A mother knows the sword piercing her soul, cleaving it apart because of the child at her heart. As the sword was poised above the child’s head, the mother’s heart was pierced and it bled the words giving up the child, so that it might live. She knows that she has to let go, or, in the words of that Beatles’ song, to “let it be”. This is the hardest of all actions, to let things take their own course, not to interfere in events even though you want something so fervently.
That “without expectation” is at the heart that mother’s love and I would say it is at the heart of any loving friendship. It is at the heart of the love which Paul espouses to the young churches, and now to us. It is the hardest lesson of all for anyone to learn, but mothers learn this lesson at the moment of birth. The child is now free for infinite possibility. The child is loved whatever the course of life. Mothering means always saying you love and letting go.
Years ago at school, we read a book called The Art of Loving – and I suppose everything I have said today stems from my understanding of that mysterious art. Love is unbounded and unbound, ever holding out its care for the other without expectation. The dedication of a child to the Lord is not the end of a mother’s love – rather, I think we should see it as the beginning of loving expectation, that great expectation of doing the Lord’s will for the rising of many, even if the sword will pierce to a mother’s very core.
My reflections on a mother’s love are at the core of my Mothering Sunday. But they range far beyond pleasant, childhood memories and stories from the bible. I have drawn on, but not spoken of, hard episodes from life all around us to celebrate this Sunday. I think we all would wish to offer something up as such a thanksgiving. – But here we are in the middle of Lent, at the very heart of the season of soul-searching and self-sacrifice, which everyone recognises as christian duty, even those without a christian connection say so. Today children will delight their mothers with their gifts, won’t they? But we, whose mothers have passed, to whom will we give the real or virtual blooms of this equinox?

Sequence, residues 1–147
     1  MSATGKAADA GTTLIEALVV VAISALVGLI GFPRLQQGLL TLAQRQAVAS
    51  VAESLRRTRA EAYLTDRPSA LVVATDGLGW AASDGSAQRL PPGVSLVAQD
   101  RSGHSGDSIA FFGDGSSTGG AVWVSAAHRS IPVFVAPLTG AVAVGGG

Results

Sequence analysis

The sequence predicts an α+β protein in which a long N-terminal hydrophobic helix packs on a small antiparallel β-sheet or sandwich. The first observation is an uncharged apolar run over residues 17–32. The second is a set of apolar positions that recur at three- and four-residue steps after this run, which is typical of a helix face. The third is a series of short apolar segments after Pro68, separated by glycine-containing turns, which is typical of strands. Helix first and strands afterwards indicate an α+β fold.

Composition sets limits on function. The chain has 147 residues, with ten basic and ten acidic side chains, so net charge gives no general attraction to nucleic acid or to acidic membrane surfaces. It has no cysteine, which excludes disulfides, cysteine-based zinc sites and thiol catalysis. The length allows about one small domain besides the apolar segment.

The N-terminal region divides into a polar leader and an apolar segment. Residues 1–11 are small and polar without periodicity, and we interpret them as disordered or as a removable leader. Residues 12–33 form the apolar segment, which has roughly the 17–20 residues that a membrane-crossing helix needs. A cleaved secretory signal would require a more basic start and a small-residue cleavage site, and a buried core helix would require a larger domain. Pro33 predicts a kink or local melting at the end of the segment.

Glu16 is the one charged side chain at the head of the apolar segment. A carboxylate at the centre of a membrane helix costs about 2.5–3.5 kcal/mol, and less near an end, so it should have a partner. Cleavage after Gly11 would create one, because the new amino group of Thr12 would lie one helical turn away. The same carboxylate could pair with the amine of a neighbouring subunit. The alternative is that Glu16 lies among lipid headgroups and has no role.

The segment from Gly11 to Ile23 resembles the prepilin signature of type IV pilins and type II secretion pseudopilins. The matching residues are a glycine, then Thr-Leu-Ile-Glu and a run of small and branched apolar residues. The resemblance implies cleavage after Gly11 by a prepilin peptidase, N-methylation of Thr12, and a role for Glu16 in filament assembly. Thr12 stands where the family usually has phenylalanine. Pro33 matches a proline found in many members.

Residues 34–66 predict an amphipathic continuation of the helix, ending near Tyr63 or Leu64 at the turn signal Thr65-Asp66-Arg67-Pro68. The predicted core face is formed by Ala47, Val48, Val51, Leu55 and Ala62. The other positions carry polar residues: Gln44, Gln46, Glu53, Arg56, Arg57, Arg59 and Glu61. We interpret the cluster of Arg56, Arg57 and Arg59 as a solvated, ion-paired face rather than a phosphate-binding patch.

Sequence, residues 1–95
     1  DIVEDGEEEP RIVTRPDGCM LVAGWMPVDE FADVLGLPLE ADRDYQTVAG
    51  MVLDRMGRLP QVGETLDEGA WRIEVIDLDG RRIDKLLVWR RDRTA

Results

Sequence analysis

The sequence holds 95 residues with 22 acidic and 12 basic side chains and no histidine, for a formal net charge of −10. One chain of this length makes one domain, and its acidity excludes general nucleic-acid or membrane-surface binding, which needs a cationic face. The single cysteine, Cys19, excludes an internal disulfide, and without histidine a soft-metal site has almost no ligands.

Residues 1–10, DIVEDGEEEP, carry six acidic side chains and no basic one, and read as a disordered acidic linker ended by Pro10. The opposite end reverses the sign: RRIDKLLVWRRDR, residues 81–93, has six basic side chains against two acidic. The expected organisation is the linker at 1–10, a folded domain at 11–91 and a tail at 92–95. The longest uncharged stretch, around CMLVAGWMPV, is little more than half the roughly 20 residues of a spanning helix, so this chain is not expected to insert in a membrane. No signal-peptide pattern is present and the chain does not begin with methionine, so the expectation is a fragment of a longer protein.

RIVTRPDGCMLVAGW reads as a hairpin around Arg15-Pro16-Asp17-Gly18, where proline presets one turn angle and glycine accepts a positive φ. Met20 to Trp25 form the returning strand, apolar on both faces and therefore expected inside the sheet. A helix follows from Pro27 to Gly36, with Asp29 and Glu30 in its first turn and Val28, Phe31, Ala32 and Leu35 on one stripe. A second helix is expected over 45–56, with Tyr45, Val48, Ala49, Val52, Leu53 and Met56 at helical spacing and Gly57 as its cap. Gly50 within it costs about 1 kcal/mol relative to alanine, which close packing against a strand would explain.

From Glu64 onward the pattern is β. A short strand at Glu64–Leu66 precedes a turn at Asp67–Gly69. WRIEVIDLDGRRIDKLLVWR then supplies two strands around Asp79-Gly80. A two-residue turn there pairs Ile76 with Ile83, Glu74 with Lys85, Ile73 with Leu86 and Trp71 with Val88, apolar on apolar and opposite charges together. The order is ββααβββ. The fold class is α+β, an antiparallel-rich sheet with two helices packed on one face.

I am not one for posies even if I do spend my working day in the garden. How do I present my appreciation of a mother’s loving friendship which nourished me? A posy represents the gift we would like to give, doesn’t it? It is a gift we would want to give all our friends as well as our mothers, as a recognition of their loving care. So, I broke down this morning. I walked around the garden earlier and picked this posy. Here is my token of gratitude for the years of friendly love my mother and friends represents to me.